In continuing my previous post explaining all the necessities of planning a trip to Machu Picchu, this post will touch on the day trip and hike itself. Machu Picchu was certainly one of the highlights (but not the only one!) of our trip to Peru and Bolivia!
Preparing to visit Machu Picchu
We woke up around 4:30am at our Ollantaytambo guesthouse in the sacred valley to catch the first train out that morning to Aguas Caliente (the nearest town to Machu Picchu). Our guesthouse made us a lunch which consisted of an unappealing ham sandwich and fruit. Looking back on it, we probably should have brought more food and water. Ollantaytambo is a tiny town and walking to the train station only takes 15 minutes. There were also cars and tuk tuks waiting in the main square so we paid the 3 soles for a quick ride.
At the train station, it was already filling up with tourists eager to check off one of their ultimate bucket list items, as well as locals who I assume were going to work or home. There are numerous vendor stalls selling water and food just in case anyone wanted to buy food for their trip or just grab a quick breakfast.
Tickets on PeruRail trains are separated by cars and it was pretty clear that when we were all lining up to board the train, we were in the gringo car. Overall, the PeruRail train was actually pretty nice. We bought the cheapest class (which isn’t cheap), and the seats were comfortable enough for the 2 hour journey to Aguas Caliente.
The train and bus to Machu Picchu
The train ride was quite comfortable. It was still pitch black when we departed but the sun started rising slowly. The scenery is absolutely fantastic. Ollantaytambo is in the sacred valley and is characterized by huge, granite mountains with sparse vegetation. As we started leaving the sacred valley and towards Machu Picchu, the scenery started changing into greener pastures, lush with trees, rivers and flowers. The Andes really are impressive to see.
After two hours, our train finally arrived in Aguas Caliente. This town at the base of Machu Picchu was a lot bigger than I had imagined. It was filled with all the touristy shops, restaurants, hotels, and markets. Many people stay here for a night or two, and those wanting to visit Machu Picchu for the sunrise must stay here as no trains leave early enough to arrive in Machu Picchu for it. From the train, we went straight to the bus station located right next to the train (can’t miss it).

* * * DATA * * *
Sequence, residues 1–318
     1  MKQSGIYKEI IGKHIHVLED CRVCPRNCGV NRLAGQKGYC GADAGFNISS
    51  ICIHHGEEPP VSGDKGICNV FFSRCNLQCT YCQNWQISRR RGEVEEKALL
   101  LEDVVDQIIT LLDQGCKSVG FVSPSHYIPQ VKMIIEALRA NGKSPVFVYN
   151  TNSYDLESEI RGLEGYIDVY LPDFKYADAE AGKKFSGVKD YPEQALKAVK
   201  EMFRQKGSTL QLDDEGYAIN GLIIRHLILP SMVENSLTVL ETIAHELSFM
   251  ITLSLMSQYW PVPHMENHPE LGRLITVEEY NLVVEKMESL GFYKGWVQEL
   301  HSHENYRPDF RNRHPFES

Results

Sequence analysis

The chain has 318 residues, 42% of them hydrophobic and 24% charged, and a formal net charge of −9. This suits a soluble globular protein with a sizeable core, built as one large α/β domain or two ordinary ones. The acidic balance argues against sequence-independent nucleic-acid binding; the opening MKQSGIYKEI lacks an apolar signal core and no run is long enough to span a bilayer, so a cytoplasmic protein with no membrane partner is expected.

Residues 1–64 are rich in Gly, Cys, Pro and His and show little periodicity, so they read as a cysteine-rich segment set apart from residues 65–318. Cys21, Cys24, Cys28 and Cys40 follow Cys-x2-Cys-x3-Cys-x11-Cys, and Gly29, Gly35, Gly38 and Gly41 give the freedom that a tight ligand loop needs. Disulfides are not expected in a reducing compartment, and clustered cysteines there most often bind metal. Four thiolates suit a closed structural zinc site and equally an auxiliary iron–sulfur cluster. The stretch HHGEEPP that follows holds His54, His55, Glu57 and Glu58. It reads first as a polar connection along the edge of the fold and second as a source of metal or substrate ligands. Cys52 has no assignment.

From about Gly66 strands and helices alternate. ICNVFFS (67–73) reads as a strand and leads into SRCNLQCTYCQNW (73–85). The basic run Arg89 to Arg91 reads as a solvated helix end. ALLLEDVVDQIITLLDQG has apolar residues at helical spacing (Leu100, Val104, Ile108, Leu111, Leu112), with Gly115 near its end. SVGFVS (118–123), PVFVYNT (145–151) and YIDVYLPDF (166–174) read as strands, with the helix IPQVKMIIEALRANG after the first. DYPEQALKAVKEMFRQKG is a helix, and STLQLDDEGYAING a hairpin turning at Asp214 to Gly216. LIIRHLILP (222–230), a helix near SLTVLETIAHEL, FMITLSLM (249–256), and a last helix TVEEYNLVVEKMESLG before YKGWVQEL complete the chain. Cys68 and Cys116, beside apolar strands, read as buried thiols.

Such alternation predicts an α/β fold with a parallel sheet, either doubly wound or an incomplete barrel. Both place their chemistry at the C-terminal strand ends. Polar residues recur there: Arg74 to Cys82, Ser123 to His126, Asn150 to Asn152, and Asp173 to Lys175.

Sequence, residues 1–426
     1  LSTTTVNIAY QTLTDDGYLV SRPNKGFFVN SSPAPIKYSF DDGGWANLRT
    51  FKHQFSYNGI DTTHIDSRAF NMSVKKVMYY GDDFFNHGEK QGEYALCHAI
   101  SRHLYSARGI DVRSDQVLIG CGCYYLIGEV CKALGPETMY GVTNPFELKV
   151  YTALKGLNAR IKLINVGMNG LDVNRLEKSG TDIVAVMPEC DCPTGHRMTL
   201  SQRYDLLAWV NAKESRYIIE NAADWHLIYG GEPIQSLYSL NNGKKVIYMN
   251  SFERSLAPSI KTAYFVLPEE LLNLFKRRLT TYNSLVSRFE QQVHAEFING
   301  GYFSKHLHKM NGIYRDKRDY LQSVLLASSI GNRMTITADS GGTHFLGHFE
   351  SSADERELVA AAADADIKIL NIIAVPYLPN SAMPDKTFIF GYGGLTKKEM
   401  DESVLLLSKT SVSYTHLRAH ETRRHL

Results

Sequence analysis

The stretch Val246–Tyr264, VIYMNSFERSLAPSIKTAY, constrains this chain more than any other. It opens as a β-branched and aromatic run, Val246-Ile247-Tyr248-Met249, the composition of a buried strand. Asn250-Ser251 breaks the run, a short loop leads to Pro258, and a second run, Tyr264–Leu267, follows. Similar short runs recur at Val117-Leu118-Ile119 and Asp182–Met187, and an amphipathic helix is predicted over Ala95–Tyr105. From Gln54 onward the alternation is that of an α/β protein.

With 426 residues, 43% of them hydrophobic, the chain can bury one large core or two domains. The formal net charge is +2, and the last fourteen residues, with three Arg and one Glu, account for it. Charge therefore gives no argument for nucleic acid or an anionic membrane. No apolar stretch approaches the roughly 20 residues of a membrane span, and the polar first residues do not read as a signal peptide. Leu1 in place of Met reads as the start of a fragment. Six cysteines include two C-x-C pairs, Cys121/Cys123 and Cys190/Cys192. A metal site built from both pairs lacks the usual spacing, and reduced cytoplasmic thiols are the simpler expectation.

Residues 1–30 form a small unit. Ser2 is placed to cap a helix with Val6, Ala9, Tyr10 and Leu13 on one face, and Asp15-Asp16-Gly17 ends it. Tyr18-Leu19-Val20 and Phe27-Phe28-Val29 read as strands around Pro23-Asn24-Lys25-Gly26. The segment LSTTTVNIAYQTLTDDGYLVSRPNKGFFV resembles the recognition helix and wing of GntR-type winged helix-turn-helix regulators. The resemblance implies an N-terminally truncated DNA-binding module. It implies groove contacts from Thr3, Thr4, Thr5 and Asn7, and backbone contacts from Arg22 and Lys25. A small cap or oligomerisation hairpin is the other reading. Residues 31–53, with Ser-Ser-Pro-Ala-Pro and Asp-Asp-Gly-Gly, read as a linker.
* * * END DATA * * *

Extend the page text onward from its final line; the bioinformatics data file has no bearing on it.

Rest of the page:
Buying bus tickets in Aguas Caliente
We had no idea the lines would be so long but at 7am, it was already a thousand people deep. You have to buy bus tickets in Aguas Caliente as they operate separate from the trains. They are $24 roundtrip. The trick here is if you’re not a solo traveler, to have one person wait in line, and have the other person (with both of your passports) buy tickets.
The buses do come quickly but we still waited a good 40 minutes. Once on the bus, we drove for another half hour through dirt roads, climbing up the mountain until we reached the entrance of Machu Picchu. Those that don’t want to take the bus, can climb the trail to the entrance of Machu Picchu which consists of thousands of steps. At the entrance, there was a mob of people waiting to get in. I presented my ticket that I printed out beforehand, along with my passport and we were finally in!
Entering Machu Picchu
This was it. Finally, we were here. After seeing countless photos, videos, and documentaries on this place, it was finally my turn.
Our path was still shrouded in the morning clouds but this is almost every day. Away we went. The ruins are right next to the entrance so it wasn’t long before I reached the fabled ruins of Machu Picchu. Ten minutes later and we were already at the famous viewpoint area of Machu Picchu where we could gaze upon one of the seven new wonders of the world. Llamas were grazing all around us (yes there are llamas all over Macchu Picchu, and it felt a bit surreal.
However, it was completely covered in clouds in the morning and I could not see a damn thing. I met people that raved about coming to Machu Picchu for the sunrise but they must have been real lucky because other people have told me Machu Picchu is almost always covered in clouds in the morning so I’m not sure how amazing a sunrise experience would be.
Seeing as we couldn’t see anything (around 8:30am), we figured we would start our hike up Machu Picchu mountain (Montaña Picchu). At 8:30am, it was already getting warmer so I changed into shorts and a tshirt knowing that this I would thank myself once I started hiking.
Hiking Montaña Picchu (Machu Picchu Mountain)
Montaña Picchu is no joke. This is a difficult hike to say the least. It’s a 800m climb to the top and is very steep. Being at 2500m already, the hike was even more difficult as we were constantly gasping for whatever thin air we were already breathing. We took numerous breaks to recover and soak in the views, or at least that’s what I told myself.
As we climbed higher, the clouds were beginning to dissipate and we could see more of the surrounding landscape, occasionally gazing at Machu Picchu as it became more visible. Overall, our hike was just under 1 hour and when we reached the summit, it was a sense of accomplishment and relief.
Reaching the summit of Machu Picchu
The views from the top are incredible. It was still relatively early so there weren’t many people at the peak and the clouds were still covering Machu Picchu. When they finally burned off, the views were absolutely stunning. The ruins are small from so high up but you get a more aerial view of Machu Picchu and the Huayna Picchu mountain in the distant.
The best views and photo opportunities go to those that are the most daring. We climbed over the rope fence and sat at the very edge. It’s a sheer drop from the edge and too much sudden movement or irresponsible selfie taking will lead to certain death. In fact, a few weeks prior to our visit, a German tourist was taking photos in the same area but slipped and fell to their death.